Labour’s campaign is a mess. So much wrong, so little right

by Atul Hatwal

Labour has achieved something remarkable this year. In the space of eight weeks the party has managed to focus the national debate on some of its strongest issues – the NHS, equalities and tax avoidance – and yet still failed to land a blow. The average of this week’s YouGov polls is a very small Conservative lead.

The NHS should be a campaign winner, every time for Labour. But when Andy Burnham decided to use the rise in NHS spending outsourced to the private sector, as his key evidence to prove the Tories’ privatising intent, he turned political gold to base metal.

Given two-thirds of the rise in outsourcing happened under Labour, with the rate of increase actually slowing under the Tories, it doesn’t take David Axelrod to work out why Labour was on the back foot almost immediately.

Then there was Harriet Harman’s pink battlebus. There’s nothing wrong with the bus being pink and the issues raised by the women’s tour are important, but when Labour frontbenchers have been campaigning vociferously that equating the colour pink with girls is sexist then, once again, who couldn’t have predicted disastrous headlines?

Most recently there has been Ed Miliband’s offensive on tax avoidance. It’s difficult to think of territory more uncomfortable for David Cameron. Yet by broadening the Labour attack onto the principle of tax avoidance, rather than the narrow specifics of the jaw-dropping appointment of HSBC’s Stephen Green as a Minister, even when government officials knew all about HSBC’s illicit activities, Ed Miliband blew it.

Cue embarrassing questions about whether shadow ministers collected receipts for every odd job or window cleaned and the circumstances in which Ed Miliband’s mother seems to have avoided tax on the house in which he now lives.

Individually, these incidents seem like discrete gaffes but a common thread runs through each failure.

Andy Burnham, Harriet Harman and Ed Miliband all walked into such eminently predictable elephant traps because their moral certitude blinded them to the politically obvious.

For Andy Burnham, outsourcing operations to the private sector while he was Secretary of State for Health was not comparable to the Tories doing the same because he is Labour and they are Tories.

Harriet Harman was not being sexist in her choice of pink because she was Harriet Harman and could not be sexist.

And Ed Miliband’s minor domestic tax avoidance was morally different to what avaricious capitalists do. How could his mother be like them?

This mode of insular righteousness is nearer the behaviour of a cult than a party of government. It is not enough to believe we are right because we are Labour.

To assume is not to be.

Swing voters will look at these episodes and shake their heads. At the apparent hypocrisy, and the basic political incompetence.

What’s most frustrating is that it’s not as if the party has completely forgotten how to campaign.

The shadow Treasury team’s forensic pursuit of George Osborne, over what he did and did not know about HSBC’s tax avoidance, when Stephen Green was appointed, is exactly what Ed Miliband should have been doing.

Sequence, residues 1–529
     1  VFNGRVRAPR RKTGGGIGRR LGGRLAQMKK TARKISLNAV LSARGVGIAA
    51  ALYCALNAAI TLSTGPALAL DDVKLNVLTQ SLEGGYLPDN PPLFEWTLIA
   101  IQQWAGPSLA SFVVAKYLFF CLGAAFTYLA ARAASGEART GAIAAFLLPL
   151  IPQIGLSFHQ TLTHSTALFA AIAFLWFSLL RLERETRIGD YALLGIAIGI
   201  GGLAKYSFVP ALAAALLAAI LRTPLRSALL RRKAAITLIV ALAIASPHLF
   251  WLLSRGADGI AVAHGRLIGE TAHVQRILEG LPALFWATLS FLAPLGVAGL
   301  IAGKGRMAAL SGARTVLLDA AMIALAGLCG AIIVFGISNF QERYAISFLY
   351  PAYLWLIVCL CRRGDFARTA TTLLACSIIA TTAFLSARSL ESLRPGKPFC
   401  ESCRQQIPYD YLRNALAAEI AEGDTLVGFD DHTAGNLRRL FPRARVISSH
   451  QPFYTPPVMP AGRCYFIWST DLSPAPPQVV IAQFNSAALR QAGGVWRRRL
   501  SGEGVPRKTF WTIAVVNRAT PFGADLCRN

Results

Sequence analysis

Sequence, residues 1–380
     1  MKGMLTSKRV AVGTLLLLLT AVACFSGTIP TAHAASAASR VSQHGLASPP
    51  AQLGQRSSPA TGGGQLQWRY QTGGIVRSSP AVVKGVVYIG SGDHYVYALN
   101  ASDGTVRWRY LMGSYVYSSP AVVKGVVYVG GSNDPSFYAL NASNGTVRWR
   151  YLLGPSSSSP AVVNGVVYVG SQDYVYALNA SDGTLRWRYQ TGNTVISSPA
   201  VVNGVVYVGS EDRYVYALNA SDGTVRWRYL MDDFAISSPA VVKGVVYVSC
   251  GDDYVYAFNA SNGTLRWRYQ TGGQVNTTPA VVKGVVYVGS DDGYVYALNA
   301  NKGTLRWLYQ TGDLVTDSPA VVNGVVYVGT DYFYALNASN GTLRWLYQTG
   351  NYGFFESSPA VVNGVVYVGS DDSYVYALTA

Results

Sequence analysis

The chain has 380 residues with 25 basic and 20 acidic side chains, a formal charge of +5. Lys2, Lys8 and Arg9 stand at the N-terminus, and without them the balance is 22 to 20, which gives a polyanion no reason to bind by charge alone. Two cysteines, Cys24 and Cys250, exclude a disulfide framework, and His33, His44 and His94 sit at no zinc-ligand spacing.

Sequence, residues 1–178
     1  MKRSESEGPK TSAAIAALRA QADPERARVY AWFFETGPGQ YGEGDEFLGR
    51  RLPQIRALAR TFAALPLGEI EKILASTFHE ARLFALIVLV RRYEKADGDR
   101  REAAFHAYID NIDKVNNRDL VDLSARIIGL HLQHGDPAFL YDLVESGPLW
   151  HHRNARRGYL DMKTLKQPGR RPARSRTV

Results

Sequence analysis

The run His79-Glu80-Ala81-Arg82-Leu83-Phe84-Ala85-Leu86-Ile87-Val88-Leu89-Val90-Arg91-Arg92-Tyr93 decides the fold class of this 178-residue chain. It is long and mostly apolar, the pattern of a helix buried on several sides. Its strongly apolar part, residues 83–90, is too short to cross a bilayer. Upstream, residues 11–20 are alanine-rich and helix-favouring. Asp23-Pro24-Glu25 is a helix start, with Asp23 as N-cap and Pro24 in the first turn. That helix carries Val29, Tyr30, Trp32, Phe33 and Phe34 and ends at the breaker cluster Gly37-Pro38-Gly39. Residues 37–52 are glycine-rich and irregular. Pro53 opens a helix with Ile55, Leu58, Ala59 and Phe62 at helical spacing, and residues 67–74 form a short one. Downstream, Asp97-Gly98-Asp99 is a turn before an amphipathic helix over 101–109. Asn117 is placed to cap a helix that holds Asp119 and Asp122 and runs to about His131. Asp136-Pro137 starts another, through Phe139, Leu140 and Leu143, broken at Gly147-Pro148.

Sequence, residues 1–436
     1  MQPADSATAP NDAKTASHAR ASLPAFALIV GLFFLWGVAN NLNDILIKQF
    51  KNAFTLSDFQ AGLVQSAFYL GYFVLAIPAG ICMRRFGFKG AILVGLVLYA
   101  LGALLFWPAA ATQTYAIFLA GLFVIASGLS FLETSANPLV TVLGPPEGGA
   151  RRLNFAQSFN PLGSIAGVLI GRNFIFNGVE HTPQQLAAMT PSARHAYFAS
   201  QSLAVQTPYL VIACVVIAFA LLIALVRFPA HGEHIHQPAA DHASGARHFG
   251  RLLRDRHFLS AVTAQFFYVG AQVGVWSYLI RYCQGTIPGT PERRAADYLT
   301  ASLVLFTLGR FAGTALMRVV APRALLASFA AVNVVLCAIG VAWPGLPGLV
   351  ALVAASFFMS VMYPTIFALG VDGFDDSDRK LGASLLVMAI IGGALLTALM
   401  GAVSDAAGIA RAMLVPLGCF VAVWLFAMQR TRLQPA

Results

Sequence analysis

And earlier in the month, Chuka Umunna gave a master-class in how Labour can win over business combining the right tone with a carefully calibrated attack on the Tories.

The manner in which he wove together his personal story – the son of a successful small businessman – with his experiences visiting upcoming small businesses as part of his Future Jobs tour was poles apart from the hectoring Junior Common Room poses that Ed Miliband strikes when he talks at business.

If Labour was a pressure group, the last two months would have been an unqualified success. Issues have been registered on the national agenda, the public’s ire raised.

But Labour must be more.

It’s meant to be a government-in-waiting. It is not enough to simply flag an issue in the debate and presume that Labour is right.

Labour must persuade. It needs to make the case for a compelling alternative.

Unfortunately, too many members of the shadow cabinet seem to think that moral outrage at the Tories, for being Tories, will be enough.

At some point before May 7th, they should go back and check the result of the last election.

Atul Hatwal is editor of Uncut

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29 Responses to “Labour’s campaign is a mess. So much wrong, so little right”

  1. BenM says:

    This article is a bit of a mess too.

    In as much as it criticises Labour’s campaign – what else would you expect from an Hatwal piece? – it admits that Labour has managed to completely sytmy the Tory campaign too but sniffily refuses to pass on any credit for this.

    “At some point before May 7th, they should go back and check the result of the last election.”

    We do.

    We see a cocky Tory Party unable to garner a majority in the most precipitous of circumstances. Why the Blairite wing deluded itself that the 2010 result would turn into an easy Tory majority this time round will be one for the historians to pick through as they survey the rubble of Blairite assumptions left over after May 2015.

  2. Michael Worcs says:

    Much to agree with this article, there is also the massive open goal on immigration where Labour is waffling (Reeves agreed it would not reduce the numbers on DP). I hope that Labour will simply say ‘the numbers are too high and this is what we will do to reduce it especially for non-EU unskilled migrants where we have control’.